characteristics of burn injury first degree is superficial, second degree is partial thickness, third degree is full thickness and fourth degree is full thickness and underlying tissue.
degree of burns 1st: only the epidermis, area hot, red, painful, no swelling or blisters. 2nd: epidermis & part of underlying. Pain severe, area red. Moist & seeping, swollen with blisters. 3rd: injury to all skin layers, destroys nerve & blood vessels. No pain at first.
Primary excisions: early excision of deep partial and full-thickness burns reduce the incidence of infection and the threat of sepsis.
Managing burn wounds exposure: wounds left open; crusts on partial & eschar on full. Open: topical agent applied directly to wound. Modified: AMC applied to a thin gauze then secured to area. Occlusive: AMC applied to gauze and placed with multiple layers over bulky gauze.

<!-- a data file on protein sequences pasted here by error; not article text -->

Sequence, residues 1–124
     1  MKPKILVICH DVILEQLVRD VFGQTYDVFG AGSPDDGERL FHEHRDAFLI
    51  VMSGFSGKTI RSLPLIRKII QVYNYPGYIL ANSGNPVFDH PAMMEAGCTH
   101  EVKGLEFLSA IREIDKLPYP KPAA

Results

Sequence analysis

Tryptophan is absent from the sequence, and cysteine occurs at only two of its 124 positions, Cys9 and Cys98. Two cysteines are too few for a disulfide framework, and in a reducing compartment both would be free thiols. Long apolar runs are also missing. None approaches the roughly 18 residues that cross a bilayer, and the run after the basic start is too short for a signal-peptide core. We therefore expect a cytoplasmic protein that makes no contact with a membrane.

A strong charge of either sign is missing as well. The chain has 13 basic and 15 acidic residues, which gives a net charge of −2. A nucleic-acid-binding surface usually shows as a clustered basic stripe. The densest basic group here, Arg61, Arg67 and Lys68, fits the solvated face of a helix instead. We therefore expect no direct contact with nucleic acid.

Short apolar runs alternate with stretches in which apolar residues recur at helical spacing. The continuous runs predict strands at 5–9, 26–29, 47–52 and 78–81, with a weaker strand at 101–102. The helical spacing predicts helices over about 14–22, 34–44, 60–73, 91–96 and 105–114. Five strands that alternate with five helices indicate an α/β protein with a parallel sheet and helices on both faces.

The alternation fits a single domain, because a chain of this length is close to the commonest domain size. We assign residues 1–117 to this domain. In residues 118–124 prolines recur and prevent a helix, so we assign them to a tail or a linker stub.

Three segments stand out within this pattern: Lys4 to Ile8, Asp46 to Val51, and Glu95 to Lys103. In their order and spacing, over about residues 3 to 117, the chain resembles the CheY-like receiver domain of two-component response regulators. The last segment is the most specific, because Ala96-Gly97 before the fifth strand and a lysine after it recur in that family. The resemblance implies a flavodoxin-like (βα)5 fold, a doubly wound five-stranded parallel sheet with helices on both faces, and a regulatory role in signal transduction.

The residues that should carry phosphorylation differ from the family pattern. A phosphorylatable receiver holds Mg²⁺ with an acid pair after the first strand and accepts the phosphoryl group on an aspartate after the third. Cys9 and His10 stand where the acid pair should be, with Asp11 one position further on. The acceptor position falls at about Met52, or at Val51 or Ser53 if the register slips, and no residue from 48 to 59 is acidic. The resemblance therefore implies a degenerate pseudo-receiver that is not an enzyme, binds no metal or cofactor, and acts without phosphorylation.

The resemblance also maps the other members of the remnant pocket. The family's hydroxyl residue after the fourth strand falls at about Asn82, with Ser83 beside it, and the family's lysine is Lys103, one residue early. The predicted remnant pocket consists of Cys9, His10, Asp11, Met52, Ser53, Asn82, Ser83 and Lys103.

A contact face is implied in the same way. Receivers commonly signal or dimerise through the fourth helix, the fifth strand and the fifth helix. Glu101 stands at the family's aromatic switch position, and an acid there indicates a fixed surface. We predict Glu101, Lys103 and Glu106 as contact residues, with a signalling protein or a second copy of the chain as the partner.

biologic skin coverings of burns homograft: skin from human cadaver, severe immunosuppression occurs while allograft adheres. Xenograft: mainly from pig, changed q1-3d. Synthetic skin: wound needs to be free of debris before applied.
prognosis of burns the younger the child the more affected they’ll be. Mortality rate much higher in young children then in older children and adults. Many children who survive have long term functional and cosmetic impairments.
Atraumatic care have all supplies ready, give analgesic, give child time to prepare. Allow child to: test and approve of temp of water, select what part of the body to begin on, request short break during procedure. Give something constructive to do and praise child
Feedings oral feedings if child is able to, need encouragement to eat, lots of patients and help. Painful procedures should not be scheduled near feedings, child will be to physically exhausted and emotionally upset
Created by: smarti13